Watch: Biden signs police reform executive order on 2-year anniversary of George Floyd killing

The order requires federal agencies and encourage local police to modify restrictions on no-knock warrants and use-of-force


By Jarrell Dillard
Bloomberg News

WASHINGTON — President Joe Biden is set to issue an executive order to revise use-of-force policies for federal law enforcement on Wednesday’s two-year anniversary of the death of George Floyd at the hands of Minneapolis police.

The order would require a review and modification of federal law-enforcement policies, including restrictions on no-knock warrants and choke holds, and would encourage local police agencies to adopt restrictions on those practices through awarding of grants, according to a person familiar with the issue.

It will also include guidance on responding to mental-health crises and create a central database for officer misconduct records, according to the person, who asked for anonymity because the plan hasn’t been publicly released.

Floyd’s death, along with the deaths of several other people of color at the hands of law enforcement, sparked nationwide protests against racial injustice and police brutality.

“We know full well that an executive order cannot address America’s policing crisis the same way Congress has the ability to, but we’ve got to do everything we can,” National Association for the Advancement of Colored People President Derrick Johnson said in a statement Tuesday. “There’s no better way to honor George Floyd’s legacy than for President Biden to take action by signing a police-reform executive order.”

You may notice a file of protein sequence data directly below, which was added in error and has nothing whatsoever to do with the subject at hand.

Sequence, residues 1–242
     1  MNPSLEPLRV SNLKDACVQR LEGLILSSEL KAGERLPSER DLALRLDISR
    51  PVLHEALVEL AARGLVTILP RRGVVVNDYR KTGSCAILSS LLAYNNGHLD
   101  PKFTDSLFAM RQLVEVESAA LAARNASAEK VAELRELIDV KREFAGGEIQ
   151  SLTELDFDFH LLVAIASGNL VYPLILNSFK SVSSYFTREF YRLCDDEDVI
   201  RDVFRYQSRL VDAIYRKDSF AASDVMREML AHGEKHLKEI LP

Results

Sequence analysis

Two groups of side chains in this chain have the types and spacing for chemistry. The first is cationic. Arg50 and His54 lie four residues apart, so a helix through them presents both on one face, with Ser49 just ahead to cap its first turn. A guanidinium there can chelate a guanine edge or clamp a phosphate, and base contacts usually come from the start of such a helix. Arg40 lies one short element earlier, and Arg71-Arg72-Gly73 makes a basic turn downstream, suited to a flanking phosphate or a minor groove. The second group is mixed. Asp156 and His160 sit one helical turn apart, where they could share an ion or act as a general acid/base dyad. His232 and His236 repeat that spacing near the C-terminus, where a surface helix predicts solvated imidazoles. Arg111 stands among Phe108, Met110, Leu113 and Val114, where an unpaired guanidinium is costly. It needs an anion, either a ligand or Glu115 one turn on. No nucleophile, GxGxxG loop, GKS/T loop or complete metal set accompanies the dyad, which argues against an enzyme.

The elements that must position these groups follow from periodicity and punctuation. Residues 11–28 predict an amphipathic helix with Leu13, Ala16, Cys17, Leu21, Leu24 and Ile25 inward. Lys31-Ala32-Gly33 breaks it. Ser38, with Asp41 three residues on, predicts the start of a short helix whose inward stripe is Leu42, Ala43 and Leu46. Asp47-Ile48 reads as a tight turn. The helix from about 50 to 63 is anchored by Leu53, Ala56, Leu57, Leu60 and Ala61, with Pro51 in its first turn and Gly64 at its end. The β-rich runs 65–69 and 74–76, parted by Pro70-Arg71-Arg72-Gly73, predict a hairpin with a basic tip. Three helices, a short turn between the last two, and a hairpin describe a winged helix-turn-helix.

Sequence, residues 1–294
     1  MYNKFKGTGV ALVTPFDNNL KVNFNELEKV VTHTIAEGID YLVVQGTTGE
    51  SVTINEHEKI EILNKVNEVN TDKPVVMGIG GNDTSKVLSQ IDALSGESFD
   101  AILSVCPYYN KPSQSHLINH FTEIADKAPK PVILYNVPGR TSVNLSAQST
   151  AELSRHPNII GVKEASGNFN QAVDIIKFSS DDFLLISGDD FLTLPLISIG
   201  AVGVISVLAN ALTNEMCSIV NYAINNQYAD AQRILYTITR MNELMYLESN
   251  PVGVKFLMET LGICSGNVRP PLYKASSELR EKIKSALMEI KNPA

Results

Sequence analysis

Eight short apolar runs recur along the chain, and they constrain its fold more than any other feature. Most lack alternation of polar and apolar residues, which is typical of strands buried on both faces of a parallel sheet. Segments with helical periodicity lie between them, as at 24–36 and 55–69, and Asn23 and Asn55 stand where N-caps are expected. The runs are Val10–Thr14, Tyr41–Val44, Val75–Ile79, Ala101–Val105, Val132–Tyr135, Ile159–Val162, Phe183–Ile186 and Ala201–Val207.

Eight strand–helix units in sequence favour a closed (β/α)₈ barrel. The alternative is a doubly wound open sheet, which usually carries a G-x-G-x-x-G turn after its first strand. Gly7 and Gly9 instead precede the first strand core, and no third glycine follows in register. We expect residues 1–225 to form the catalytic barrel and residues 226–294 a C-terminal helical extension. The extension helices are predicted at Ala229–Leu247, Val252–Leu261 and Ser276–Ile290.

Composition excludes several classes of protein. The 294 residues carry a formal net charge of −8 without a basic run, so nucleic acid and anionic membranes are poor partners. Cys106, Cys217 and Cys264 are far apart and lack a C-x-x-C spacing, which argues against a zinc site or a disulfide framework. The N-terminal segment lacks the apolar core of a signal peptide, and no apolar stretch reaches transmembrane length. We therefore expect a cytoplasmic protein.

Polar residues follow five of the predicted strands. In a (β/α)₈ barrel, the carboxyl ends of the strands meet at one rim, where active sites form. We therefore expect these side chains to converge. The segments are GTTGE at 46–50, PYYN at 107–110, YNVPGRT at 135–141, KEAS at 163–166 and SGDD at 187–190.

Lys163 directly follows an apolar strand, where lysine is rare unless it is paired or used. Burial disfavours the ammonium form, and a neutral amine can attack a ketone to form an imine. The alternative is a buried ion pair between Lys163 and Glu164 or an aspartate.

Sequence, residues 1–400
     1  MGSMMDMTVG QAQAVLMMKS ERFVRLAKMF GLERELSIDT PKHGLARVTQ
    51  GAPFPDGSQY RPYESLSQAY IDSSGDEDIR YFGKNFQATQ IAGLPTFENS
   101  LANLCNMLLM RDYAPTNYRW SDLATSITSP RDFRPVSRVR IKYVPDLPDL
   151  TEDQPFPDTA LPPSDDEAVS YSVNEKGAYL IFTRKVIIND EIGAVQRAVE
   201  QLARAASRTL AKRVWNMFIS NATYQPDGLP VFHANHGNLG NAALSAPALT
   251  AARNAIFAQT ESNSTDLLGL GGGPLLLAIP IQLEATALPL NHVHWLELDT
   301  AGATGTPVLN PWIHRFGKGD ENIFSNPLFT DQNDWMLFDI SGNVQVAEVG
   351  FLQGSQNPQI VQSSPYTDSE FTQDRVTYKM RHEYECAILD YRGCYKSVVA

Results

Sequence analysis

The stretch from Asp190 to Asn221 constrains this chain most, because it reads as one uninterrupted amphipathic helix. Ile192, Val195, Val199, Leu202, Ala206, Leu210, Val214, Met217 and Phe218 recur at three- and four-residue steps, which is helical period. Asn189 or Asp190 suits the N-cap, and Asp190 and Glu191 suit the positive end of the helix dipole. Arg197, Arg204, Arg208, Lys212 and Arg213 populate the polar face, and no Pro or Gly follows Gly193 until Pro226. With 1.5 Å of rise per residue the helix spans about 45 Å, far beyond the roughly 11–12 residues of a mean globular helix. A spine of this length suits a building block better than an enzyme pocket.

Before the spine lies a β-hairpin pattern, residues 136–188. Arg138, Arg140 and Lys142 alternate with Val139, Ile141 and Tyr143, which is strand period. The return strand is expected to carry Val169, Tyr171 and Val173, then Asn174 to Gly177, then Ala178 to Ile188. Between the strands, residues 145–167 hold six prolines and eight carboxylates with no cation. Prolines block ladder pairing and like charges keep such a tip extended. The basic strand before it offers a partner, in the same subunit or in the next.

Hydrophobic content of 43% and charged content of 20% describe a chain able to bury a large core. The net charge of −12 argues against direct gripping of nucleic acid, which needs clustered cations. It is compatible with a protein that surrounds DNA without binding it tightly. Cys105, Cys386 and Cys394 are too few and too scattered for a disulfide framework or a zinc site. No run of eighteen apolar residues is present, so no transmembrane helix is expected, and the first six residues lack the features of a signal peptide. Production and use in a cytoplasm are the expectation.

House Democrats passed a sweeping law-enforcement overhaul bill named after Floyd in March 2021, but bipartisan negotiations in the Senate collapsed in September.

The effort was led by Senator Cory Booker, a New Jersey Democrat and Representative Karen Bass, a California Democrat and Senator Tim Scott, a South Carolina Republican.

[RELATED: Minneapolis halts reform talks until police spying accusations are verified]

Among the stumbling blocks to an agreement was Republican opposition to letting families of victims of police violence sue police officers for damages in civil lawsuits.

Biden’s executive order, which White House officials have been working on for months, includes several elements of the lawmakers’ efforts.

The New York Times reported Biden’s planned order earlier Tuesday.

The Fraternal Order of Police and the International Association of Chiefs of Police are expected to be at the White House tomorrow when Biden issues the order and have indicated they are supportive, the person said.

A draft version leaked in January received backlash from law enforcement groups.

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McClatchy-Tribune News Service

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